Prime Minister Dr Keith Mitchell Tuesday predicted that the next general election, scheduled here no later than June 2023, will be one of the most fascinating ones in the history of Grenada.
In addition, Mitchell, 75, who has led the ruling New National Party (NNP) to consecutive whitewash victories in the last two general elections for control of the 15-member parliament, has also indicated that the upcoming poll will most likely be his last.
“This coming election campaign will mostly like be my last, not most likely it will be. It will be the most interesting and fascinating one,” said Mitchell, who since 1984, has been the parliamentary representative for the St George’s Northwest constituency.
“Thirty-seven years in this ball game has taught me a lot about politics, some people have to learn some serious politics, they will learn,” he said, as he alluded to last Sunday’s election of lawyer Dickon Mitchell as leader of the main opposition National Democratic Congress (NDC).
“You don’t learn from the top down,” he added.
Mitchell, a political newcomer, won the top post in the NDC during the party’s convention last Sunday defeating two other candidates in the process.
As he debated the resolution calling for an extension of the state of emergency (SOE) put in place as part of the measures to curb the spread of the coronavirus
-19) pandemic, Prime Minister Mitchell told legislators that his government is prepared to do the right thing to save lives though it may cost him some votes.
“We are taking a decision to protect our country. I have had to tell a number of people on a number of occasions, it may cost us some political vote because of some of the decisions that we are taking but so be it. We should be more concerned that it saves lives and if it’s one life for 100 votes we are going to do just that, one life lost is just too much,” he said.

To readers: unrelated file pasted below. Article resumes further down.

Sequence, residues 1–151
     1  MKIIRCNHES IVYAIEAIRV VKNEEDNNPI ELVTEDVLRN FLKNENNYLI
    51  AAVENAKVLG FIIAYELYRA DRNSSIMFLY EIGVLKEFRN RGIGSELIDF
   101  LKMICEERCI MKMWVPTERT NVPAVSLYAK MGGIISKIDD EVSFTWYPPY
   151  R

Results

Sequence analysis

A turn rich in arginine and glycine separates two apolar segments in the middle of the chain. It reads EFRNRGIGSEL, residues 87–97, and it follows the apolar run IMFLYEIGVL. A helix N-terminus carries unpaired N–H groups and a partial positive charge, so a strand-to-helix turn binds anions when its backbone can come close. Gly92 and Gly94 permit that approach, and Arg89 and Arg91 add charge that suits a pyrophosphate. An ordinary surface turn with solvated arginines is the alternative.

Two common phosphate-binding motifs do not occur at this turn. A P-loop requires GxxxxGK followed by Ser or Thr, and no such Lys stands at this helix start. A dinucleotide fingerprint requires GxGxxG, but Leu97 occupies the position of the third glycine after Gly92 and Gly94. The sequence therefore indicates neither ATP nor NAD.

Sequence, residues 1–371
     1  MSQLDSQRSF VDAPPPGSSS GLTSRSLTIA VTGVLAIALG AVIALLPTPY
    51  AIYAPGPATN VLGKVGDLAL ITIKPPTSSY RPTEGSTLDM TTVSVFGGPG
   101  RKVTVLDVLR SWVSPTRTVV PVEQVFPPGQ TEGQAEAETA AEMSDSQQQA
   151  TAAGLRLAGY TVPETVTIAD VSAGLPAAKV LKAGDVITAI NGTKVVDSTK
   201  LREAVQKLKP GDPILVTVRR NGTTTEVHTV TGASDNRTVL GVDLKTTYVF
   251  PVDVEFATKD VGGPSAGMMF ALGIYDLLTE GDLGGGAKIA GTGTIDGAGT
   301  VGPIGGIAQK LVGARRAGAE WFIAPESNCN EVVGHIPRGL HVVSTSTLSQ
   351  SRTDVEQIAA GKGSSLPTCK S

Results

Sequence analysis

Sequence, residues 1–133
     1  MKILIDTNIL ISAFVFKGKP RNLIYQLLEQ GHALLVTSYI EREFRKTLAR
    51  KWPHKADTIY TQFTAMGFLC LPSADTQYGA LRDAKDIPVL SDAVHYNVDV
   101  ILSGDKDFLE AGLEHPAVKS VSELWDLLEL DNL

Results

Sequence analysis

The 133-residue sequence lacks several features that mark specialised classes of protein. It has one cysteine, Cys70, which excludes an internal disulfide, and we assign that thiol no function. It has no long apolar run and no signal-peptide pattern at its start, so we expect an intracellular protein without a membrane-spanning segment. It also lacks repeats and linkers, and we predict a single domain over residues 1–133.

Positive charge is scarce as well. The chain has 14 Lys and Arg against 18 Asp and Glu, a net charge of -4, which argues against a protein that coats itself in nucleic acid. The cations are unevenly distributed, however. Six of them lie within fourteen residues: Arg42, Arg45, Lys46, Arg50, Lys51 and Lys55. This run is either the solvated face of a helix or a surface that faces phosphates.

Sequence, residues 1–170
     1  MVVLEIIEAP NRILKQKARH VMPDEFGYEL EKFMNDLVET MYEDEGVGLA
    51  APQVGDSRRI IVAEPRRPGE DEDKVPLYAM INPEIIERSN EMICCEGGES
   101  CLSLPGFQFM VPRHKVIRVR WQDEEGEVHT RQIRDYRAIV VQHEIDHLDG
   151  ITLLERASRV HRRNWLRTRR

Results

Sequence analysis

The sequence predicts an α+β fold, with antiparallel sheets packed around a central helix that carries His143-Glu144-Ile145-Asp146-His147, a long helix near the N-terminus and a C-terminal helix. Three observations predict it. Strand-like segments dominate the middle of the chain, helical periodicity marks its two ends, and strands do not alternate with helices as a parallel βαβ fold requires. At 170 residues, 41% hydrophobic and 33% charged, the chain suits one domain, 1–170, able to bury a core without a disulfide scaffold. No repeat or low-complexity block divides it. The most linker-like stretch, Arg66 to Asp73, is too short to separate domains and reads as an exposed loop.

Speaking about the upcoming election, Mitchell said that he is confident that citizens will return his ruling NNP to the office whenever the date of the election is announced.
“I have confidence in the Grenadian people, I have confidence that they know what is best for them and they can see something when it is clear, I have no doubt about this,” he said, promising to say much more when the time is right.
Mitchell said that some people who are new to politics as well as involved in politics will soon learn the difference between owning a political party and its supporters and thoughts of the wider voting population.
“It might be easy to buy a political party, but it’s not easy to buy the people of Grenada, Carriacou, and Petite Martinique. Let’s get it right, that one difficult’’, he said.